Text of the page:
• Obtain all pension benefits available through current employer.
    • Determine whether or not a lump sum pension option is available and whether it is preferable for you.
  • Other Qualified and Non-Qualified Retirement Benefits
    • Obtain information on all additional plans offered by the company and information on vesting, tax, and transfer of these accounts.
  • Social Security Benefits
    • Login to www.ssa.gov, create account and obtain a current benefits statements.
      • Be sure to complete this step for spouse.
      • If divorced, contact Social Security directly at (800) 772-1213 and obtain information on taking benefits as ex-spouse.
    • Coordinate Social Security Analyzer tool with benefits statements to determine claiming strategy.

Two to three months before retirement:

  • Review Paid Time Off
    • If you have any accumulated sick days, vacation time or other PTO days, determine if/how you will be paid for these days.
  • Advise Supervisor and HR Representative in writing of desired retirement date.
    • A specific date may be agreed upon(e.g., first week in January depending on payroll and other items).
    • Consider date which you will be eligible for year-end bonus or other benefits, including 401(k) matches, profit sharing, or stock options.
  • Request Retirement package of paperwork from HR.
    • Depending on the size of the company, HR will generally provide its own packet of paperwork and forms that need to be completed.
  • Determine date for exit interview with HR/supervisor.
  • Make final decision on all insurance, including medical, dental, vision and life insurance (timing will depend on company policies).

One month before retirement:

  • Obtain the paperwork to roll your 401(k) (or other retirement accounts) out of the plan into an outside account, if that’s the choice you’ve made.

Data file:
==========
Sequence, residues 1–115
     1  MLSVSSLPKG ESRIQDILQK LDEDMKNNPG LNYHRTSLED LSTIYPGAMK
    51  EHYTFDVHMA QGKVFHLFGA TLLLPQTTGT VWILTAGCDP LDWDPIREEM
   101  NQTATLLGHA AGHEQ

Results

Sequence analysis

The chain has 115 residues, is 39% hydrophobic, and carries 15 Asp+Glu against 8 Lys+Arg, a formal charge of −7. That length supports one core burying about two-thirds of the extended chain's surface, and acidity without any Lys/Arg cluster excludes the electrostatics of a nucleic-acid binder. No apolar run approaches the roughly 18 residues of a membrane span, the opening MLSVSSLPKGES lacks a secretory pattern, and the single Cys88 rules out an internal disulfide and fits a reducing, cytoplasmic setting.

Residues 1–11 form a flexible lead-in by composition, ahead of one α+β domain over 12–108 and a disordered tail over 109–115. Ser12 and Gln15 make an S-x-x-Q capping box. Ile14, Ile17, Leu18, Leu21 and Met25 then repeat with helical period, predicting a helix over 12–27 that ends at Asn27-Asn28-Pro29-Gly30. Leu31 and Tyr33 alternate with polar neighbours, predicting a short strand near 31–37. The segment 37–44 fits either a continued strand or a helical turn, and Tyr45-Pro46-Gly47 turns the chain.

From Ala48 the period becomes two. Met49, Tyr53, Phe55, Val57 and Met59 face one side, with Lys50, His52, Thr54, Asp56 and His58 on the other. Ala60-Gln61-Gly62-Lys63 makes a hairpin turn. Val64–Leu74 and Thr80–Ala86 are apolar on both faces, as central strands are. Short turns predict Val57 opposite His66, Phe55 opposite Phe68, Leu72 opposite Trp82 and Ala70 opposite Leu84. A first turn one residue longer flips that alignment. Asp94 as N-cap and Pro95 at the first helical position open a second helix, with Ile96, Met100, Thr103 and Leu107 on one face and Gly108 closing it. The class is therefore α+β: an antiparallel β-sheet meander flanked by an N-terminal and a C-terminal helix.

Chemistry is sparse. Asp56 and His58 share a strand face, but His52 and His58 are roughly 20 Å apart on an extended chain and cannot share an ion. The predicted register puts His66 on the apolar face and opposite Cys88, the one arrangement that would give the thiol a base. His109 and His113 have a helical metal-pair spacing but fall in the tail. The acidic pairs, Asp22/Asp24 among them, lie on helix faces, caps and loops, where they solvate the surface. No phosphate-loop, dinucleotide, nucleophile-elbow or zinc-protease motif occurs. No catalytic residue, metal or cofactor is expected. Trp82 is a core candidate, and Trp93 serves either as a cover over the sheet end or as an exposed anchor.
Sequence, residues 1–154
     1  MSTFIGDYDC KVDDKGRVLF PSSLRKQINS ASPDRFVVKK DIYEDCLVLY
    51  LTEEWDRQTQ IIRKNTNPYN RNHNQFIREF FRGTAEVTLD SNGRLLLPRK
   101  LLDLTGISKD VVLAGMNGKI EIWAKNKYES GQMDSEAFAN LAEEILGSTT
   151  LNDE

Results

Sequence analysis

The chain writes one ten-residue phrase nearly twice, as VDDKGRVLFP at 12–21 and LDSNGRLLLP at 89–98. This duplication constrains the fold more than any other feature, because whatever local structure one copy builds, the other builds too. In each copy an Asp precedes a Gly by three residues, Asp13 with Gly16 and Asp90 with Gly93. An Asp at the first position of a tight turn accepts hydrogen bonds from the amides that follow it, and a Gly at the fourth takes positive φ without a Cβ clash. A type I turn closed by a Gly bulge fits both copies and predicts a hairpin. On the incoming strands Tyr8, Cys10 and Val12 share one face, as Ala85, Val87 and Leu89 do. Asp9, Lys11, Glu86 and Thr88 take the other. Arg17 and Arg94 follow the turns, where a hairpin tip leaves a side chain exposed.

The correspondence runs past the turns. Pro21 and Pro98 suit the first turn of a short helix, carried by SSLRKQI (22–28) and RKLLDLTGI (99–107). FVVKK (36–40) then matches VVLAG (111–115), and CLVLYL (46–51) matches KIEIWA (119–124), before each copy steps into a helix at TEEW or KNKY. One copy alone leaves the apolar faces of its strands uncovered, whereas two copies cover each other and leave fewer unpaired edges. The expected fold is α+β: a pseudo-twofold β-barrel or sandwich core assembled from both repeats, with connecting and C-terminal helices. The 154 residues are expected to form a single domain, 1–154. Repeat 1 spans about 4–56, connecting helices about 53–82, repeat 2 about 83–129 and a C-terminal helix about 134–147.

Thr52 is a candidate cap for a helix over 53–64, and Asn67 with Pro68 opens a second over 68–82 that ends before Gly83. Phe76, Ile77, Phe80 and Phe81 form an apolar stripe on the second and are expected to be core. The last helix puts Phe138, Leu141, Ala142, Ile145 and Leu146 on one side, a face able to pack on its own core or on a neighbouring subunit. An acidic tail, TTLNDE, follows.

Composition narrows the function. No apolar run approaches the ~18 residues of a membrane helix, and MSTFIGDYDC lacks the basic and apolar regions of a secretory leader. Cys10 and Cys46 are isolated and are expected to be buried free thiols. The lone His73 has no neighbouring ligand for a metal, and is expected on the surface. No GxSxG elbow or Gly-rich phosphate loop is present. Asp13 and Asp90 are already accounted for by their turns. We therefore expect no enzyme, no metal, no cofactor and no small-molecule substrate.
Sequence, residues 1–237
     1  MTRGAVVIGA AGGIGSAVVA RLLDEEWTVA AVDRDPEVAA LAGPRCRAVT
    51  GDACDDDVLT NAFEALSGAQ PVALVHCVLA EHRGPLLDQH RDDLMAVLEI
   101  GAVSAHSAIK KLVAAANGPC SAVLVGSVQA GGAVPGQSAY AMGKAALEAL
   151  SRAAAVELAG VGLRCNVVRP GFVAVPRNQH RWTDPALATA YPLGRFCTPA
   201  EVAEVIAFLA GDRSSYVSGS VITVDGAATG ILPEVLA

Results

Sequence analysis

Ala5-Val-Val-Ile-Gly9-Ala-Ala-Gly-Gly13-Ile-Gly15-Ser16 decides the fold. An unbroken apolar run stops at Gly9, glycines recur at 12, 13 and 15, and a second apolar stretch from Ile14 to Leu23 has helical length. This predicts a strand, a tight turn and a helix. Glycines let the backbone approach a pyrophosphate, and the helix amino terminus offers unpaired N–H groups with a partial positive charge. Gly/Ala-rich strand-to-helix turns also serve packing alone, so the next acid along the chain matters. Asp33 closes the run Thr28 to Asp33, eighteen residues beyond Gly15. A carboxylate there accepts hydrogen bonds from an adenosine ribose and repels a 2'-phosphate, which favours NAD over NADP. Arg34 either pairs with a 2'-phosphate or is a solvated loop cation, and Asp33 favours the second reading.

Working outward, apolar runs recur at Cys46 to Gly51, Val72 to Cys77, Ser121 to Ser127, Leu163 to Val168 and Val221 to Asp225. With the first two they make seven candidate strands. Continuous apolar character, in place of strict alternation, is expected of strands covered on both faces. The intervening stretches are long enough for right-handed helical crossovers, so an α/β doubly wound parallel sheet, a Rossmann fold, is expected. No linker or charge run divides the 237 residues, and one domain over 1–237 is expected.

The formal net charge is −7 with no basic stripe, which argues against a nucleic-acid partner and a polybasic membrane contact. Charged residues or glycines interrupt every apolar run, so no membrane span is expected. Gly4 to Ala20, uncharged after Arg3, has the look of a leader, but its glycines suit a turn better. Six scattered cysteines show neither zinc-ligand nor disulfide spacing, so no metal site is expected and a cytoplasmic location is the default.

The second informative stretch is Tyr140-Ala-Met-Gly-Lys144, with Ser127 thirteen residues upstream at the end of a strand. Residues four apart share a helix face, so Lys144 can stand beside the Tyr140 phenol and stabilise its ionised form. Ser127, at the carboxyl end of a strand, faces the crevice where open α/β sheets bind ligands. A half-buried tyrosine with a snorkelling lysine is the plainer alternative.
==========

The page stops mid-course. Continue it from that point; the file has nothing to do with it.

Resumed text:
• Complete paperwork and contact HR to see if plan administrator signature is required.
    • Paperwork will be sent in following retirement date.

One week before retirement:

  • Confirm that HR retirement package has been completed and all relevant documents are signed.
  • Clean-up desk/emails, etc.  
  • Remove any personal/private information from work email and computer.

Post Retirement

  • Submit 401(k) rollover paperwork following retirement date.

The Bottom Line

There are many decisions to consider as one prepares for retirement, from healthcare considerations to account logistics. Understanding the timeframe of essential tasks well in advance of your retirement date can be key to reducing stress in the months before you stop working. Employers will have deadlines on paperwork submission, some of which will be your last day of work or thirty days after.

Knowing these deadlines and seeking information in advance is essential. Use all available resources, such as your company’s human resources department and your various professional advisors, to help make the transition as smooth as possible. (For related reading, see: 10 Things to Do Before Retirement.)

This article was written by Laurie Kane Burkhardt, CFP® and Kelly Henning, CFP®.